Health insurance enrollment deadline approaches

a diagram to the basics of Health Insurance
Common health insurance terms that every individual should know before choosing a plan.

The open enrollment deadline for health insurance in California ends Jan. 31 through Covered California, the health insurance marketplace.

According to Young Invincibles, a non-profit organization dedicated to health care education and reform, 2.8 million Californians are still without health insurance.

“The United States has the most expensive healthcare system in the world,” Professor Stephan Chung of the health administration department said. “Health insurance is important because without it you would have to pay for services out of pocket.”

President Trump’s recent efforts to rescind Obamacare and end the Affordable Care Act left many citizens questioning the future of their insurance status.

California residents can still enroll through Covered California, a health insurance marketplace where individuals can shop and compare plans. An initial application will determine Medi-Cal eligibility, a plan that covers essential health care benefits for low-income individuals and families.

Aside from Medi-Cal, health insurance can be cost-effective, “Covered California offers a reduced premium and huge subsidies based on your income,” Professor Chung said.

A report conducted by Covered California determined 80 percent of 18-34-year-olds were eligible for marketplace subsidies. Insurance plans are sold in four primary levels of coverage: bronze, silver, gold, and platinum.

Raymart Salvilla, 23, is a public health major thwarting common misconceptions about insurance, “The only confusing part is the fees involved,” Salvilla said. “People don’t know they have to pay co-pays.”

Each plan increases in value based on the medical expenses the insurance covers compared to the cost of co-pays and deductibles. For example, platinum level plans will incur higher monthly payments but medical care costs will be cheaper.

Silver plans are the most common for young Californians with 59 percent of 19-25-year-olds and 50 percent of 26-34-year-olds choosing this tier.

The government determined adults are financially independent at the age of 26 and as a result will have to enroll in their own insurance plans. Currently enrolled CSUN students can receive a variety of medical services at the Klotz student health center on campus at discounted rates for lab work and medications. Primary care visits, HIV testing, and emergency contraception are free of charge.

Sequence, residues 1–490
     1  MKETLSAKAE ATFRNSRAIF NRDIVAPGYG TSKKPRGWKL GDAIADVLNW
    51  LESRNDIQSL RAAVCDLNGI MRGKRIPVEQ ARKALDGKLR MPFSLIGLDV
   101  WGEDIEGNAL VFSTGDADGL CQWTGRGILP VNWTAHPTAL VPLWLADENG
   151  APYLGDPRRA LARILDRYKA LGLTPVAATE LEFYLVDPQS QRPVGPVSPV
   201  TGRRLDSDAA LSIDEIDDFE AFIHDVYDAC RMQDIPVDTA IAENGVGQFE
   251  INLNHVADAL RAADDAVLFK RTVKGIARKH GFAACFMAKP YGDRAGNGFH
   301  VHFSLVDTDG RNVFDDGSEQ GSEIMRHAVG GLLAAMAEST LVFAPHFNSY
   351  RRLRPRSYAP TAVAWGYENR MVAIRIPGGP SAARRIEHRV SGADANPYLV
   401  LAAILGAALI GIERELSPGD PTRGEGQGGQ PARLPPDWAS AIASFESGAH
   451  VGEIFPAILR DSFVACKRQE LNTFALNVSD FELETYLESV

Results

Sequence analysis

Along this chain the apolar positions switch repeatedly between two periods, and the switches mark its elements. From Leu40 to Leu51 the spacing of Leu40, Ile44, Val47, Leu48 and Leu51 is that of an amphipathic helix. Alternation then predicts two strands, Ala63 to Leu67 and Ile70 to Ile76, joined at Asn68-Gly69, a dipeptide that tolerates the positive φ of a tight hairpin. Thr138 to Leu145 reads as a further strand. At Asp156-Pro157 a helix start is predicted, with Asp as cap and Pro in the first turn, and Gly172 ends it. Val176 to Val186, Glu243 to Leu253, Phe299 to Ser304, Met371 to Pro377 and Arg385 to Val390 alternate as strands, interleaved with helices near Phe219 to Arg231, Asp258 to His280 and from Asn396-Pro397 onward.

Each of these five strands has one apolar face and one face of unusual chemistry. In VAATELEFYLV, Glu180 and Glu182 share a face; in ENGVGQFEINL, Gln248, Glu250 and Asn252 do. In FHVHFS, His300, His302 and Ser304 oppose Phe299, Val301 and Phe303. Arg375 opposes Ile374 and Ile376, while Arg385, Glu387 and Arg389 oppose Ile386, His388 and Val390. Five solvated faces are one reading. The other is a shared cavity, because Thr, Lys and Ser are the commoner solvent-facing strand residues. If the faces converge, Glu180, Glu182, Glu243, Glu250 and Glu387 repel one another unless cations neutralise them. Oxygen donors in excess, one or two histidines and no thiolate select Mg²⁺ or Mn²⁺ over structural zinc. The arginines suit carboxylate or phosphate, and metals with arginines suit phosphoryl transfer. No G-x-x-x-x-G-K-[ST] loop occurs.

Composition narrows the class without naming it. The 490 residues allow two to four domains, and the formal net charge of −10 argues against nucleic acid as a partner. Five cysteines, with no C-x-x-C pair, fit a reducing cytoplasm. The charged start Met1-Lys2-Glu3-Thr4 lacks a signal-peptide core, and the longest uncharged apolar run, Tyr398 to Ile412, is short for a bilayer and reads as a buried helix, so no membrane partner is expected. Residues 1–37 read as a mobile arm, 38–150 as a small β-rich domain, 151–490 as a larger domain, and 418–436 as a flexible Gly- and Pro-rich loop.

For more serious conditions and specialized care, a comprehensive insurance plan is recommended. Understanding insurance plans can be overwhelming when it comes to the terminology: HMOs, PPOs, co-pays, deductibles, and subsidies are some of the terms within contracts.

An HMO plan usually has lower monthly premiums and incurs less out of pocket expenses for medical services. With an HMO, the insurance company will refer individuals to a doctor within their network. PPO plans have higher monthly premiums but more flexibility in choosing care providers. Although, choosing a doctor or specialist out of the insurance network will incur extra charges.

A deductible is the amount an individual pays for medical services before the insurance company steps in to share the cost. For example, a plan with a $1,000 deductible means a patient will pay 100 percent of expenses until the bill reaches $1,000. The insurance company will help pay for additional services through coinsurance.

Coinsurance is the share of the cost of medical expenses once the deductible has been reached. If an insured patient is billed $1,000 and has met their deductible and requires additional services the insurance company will share the cost at a percentage rate. For example, if the insurance company pays 70 percent, the insured will pay 30 percent.

Co-pays are set rates the insurance company charges for specific health care services after the deductible has been paid. Insured individuals can be charged for prescriptions or doctor visits through their co-pay.

Subsidies were introduced by the Affordable Care Act in 2010 to help people pay their insurance costs. One subsidy is the premium tax credit which assists low-income individuals with their monthly premiums.

California residents can enroll in a health plan online at coveredca.com or with the help of an insurance specialist by calling 800-300-1506.

“If you do not have health insurance, you put yourself in a very vulnerable position,” Chung said.